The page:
Here Are 14 Signs Of Dangerous Stress Levels That You May Not Realize


Today is National Stress Awareness Day, and many of us suffer from chronic stress, unfortunately. According to Gallup’s December 2023 poll, nearly half of U.S. adults, 49%, reported frequently feeling stressed out and lethargic. While we know of simple ways to manage stress, like exercising, hanging out with friends, or consistently speaking with a trusted advisor or therapist about issues that are causing you strife, sometimes we don’t realize the signs of our stress levels reaching dangerous heights, which can be detrimental to you physically and mentally. 

Additionally, April is Stress Awareness Month, and it’s a crucial time to highlight the often-overlooked signs of dangerously high stress levels, particularly among Black women. Therapist Nikquan Lewis believes chronic stress can lead to anxiety and depression as well as exacerbate other chronic health issues. “People of color have a higher risk of what’s known as high-functioning depression and anxiety, where individuals appear to manage the day-to-day duties efficiently but are silently struggling while oftentimes being unaware because operating in this manner is the “norm.” High-functioning stress, depression, and anxiety are fueled by the belief systems that we’ve been taught, whether it’s from learned behavior, generational dysfunction,” she says to ESSENCE.

“Thoughts and feelings fuel behavior and beliefs like these, which lead us to ignore and eventually no longer recognize what can be dangerous signs of stress levels.” Lewis also believes it’s essential to recognize these signs to learn how to manage the dangerous impacts of stress and have necessary open discussions. “It’s essential to have open discussions about stress management in our community, where the stigma around mental health can prevent many from seeking help. High-functioning depression and anxiety are prevalent issues that often go unchecked because the visible signs of struggle are not as apparent,” she said. 

For this month and beyond, we’re encouraging conversations on recognizing stress, implementing effective lifestyle changes (coping strategies), and prioritizing mental, relational, and sexual health. Awareness is the first step toward change, and by addressing these issues, we can support each other in leading healthier, more fulfilling lives.

Here are some signs that your stress levels are potentially dangerous:

Cardiovascular Disease: This includes heart disease, high blood pressure, irregular heartbeats, heart attacks, strokes and chest pain.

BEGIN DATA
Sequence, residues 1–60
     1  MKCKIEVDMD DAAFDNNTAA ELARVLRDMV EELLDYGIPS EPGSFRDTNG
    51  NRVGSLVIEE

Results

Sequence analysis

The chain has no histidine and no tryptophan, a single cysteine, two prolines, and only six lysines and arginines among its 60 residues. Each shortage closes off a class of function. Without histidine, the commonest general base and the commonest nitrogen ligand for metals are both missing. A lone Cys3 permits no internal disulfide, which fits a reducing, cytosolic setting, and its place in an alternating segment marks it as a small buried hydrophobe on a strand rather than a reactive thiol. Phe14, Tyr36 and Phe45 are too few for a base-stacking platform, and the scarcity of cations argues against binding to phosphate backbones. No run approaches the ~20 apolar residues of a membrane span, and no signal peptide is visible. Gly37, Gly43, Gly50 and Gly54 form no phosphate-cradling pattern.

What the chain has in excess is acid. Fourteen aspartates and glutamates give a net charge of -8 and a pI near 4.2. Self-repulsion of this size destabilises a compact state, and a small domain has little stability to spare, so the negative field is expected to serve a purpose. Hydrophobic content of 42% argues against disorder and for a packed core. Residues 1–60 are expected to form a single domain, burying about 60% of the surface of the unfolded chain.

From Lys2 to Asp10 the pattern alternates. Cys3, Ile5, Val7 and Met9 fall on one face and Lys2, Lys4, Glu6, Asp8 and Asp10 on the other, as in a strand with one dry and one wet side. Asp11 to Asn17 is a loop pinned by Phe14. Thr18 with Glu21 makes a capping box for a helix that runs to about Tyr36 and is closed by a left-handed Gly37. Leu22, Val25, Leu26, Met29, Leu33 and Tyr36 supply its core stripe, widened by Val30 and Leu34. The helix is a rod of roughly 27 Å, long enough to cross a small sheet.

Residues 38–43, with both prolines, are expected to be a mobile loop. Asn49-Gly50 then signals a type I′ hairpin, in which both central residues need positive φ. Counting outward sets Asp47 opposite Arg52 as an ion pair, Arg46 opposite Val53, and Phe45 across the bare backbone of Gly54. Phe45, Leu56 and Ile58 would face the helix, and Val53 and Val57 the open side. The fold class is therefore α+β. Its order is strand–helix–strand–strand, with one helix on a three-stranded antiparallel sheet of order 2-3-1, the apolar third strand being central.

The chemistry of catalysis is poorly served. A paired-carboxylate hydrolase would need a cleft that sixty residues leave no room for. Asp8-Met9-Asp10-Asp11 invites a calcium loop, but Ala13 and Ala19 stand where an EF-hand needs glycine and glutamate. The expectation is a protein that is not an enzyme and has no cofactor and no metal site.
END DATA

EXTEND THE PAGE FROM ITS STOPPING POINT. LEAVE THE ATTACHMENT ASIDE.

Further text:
Obesity and other eating disorders: Emotional eating can increase in times of high stress, as well as restrictive eating to have control if stress contributes to you feeling out of control.

Sexual Dysfunction: Chronic stress can cause performance anxiety and low sexual desire in both men and women, as well as erectile dysfunction in men

Gastrointestinal Issues: Chronic stress can cause frequent stomach aches, diarrhea, ulcers, irritable colon, and gastritis, and people often miss the correlation between stress and these symptoms. 

Skin and Hair Issues: Chronic stress can cause acne and hair loss.

Insomnia: Chronic stress can impact your ability to rest, causing racing thoughts and keeping you up at night; a severe lack of sleep alone has several associated risks that are dangerous, such as an increased risk of seizures, psychosis, and mood changes.

Constant Fatigue: Even after a whole night’s sleep, if you find yourself constantly tired, it could be a sign that stress is depleting your energy. This relentless fatigue often goes unnoticed as people attribute it to a busy lifestyle.

Changes in Mood: Quick shifts in mood, such as irritability, frustration, frequent crying spells, or heightened sensitivity, can often be dismissed as not that big of a deal. However, these can indicate that stress affects one’s ability to regulate emotions.

Physical Symptoms: Regular headaches, sweating, muscle tension, or unexplained aches are your body’s signals that something is off balance. Chronic stress can also negatively impact your immune system, causing frequent sickness.

Mental Issues: Finding it hard to concentrate, experiencing forgetfulness, or having trouble making decisions can all be subtle signs that stress negatively impacts your cognitive functions. Chronic stress also increases the risk for symptoms of depression and anxiety.

Neglecting Self-Care: Skipping meals, poor hygiene, and ignoring personal health can indicate overwhelming stress.

Isolating: Withdrawing from social interactions, even virtually, can be a red flag, especially if socializing was once enjoyable. Avoiding friends and family and missing work can show high stress.

A loss of pleasure: Finding it difficult to experience joy and delight in activities you once did, possibly leaving feelings of numbness, is a sign of stress.

Overcommitting to Work or Activities: Sometimes, being overly engaged in work or extracurricular activities is not just high productivity but a coping mechanism to avoid addressing stress.

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